Scientists have discovered through mitochondrial DNA that a mare that walked the earth 160,000 years ago is the ancestral mother of every horse in the world.
Eighteen different genetic clusters were identified as having come from the ancestral mare reports Bloomberg News, which suggests that domestication of horses occurred in many places across Europe and Asia. The article does not specify when domestication first occurred. (See an earlier FHL News report pushing the earliest domestication back from five thousand to nine thousand years.)
Samantha Brooks, an assistant professor of equine genetics at Cornell University believes that the research may “help scientists classify horse fossils, figure out the pedigree of modern breeds, and perhaps evaluate how genetics affect racehorse performance.”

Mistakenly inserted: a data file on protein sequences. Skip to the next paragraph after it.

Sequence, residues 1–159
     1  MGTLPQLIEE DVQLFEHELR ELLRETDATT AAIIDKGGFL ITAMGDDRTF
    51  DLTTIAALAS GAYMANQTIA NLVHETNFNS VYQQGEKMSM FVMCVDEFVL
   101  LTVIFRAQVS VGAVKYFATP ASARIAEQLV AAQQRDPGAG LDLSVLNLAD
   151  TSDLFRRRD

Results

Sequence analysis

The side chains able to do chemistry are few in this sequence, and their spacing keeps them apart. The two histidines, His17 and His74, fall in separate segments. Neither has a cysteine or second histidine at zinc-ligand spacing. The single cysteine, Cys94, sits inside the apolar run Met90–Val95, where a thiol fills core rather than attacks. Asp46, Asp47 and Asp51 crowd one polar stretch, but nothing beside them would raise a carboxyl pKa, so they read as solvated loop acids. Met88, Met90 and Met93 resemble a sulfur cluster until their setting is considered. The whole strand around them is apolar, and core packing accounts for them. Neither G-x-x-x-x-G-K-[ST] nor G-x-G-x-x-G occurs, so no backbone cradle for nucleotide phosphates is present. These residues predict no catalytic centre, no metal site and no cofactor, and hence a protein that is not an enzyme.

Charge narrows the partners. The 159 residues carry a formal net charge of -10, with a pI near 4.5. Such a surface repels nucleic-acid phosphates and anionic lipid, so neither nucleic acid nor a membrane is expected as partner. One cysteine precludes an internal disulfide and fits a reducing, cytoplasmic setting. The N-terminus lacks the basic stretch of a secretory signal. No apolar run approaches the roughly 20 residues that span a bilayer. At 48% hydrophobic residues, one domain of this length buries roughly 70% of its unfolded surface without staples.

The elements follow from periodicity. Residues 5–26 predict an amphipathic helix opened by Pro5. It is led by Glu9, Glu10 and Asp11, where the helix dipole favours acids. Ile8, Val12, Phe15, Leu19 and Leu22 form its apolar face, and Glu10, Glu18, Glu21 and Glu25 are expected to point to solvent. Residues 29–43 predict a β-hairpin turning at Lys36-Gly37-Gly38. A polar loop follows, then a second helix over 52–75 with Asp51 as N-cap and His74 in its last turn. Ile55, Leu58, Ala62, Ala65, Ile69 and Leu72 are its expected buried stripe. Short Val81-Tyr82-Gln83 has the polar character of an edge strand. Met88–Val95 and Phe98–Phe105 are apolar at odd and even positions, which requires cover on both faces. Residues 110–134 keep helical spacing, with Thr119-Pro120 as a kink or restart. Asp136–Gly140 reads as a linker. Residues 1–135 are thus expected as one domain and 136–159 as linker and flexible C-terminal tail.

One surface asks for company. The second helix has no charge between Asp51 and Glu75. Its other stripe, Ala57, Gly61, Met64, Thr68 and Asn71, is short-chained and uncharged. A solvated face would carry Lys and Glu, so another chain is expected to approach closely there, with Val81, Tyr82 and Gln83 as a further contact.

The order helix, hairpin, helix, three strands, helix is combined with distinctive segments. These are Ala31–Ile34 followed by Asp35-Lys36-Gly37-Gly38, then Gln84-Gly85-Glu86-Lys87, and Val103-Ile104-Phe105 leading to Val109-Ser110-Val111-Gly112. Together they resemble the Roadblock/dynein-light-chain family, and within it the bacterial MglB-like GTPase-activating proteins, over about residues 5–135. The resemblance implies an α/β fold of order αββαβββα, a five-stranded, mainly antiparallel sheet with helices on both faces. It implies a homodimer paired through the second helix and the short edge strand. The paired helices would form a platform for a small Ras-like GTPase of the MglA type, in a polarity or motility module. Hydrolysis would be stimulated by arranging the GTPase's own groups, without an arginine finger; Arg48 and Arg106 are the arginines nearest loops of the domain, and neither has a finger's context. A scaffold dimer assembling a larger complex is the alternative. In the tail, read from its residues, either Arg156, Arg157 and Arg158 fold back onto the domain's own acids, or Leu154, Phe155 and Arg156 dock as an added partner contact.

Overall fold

The study was led by Alessandro Achilli in the department of cellular and environmental biology at the University of Perugia, Italy.
Read more details in Elizabeth Lopatto’s article in Bloomberg News.
Posted January 31, 2012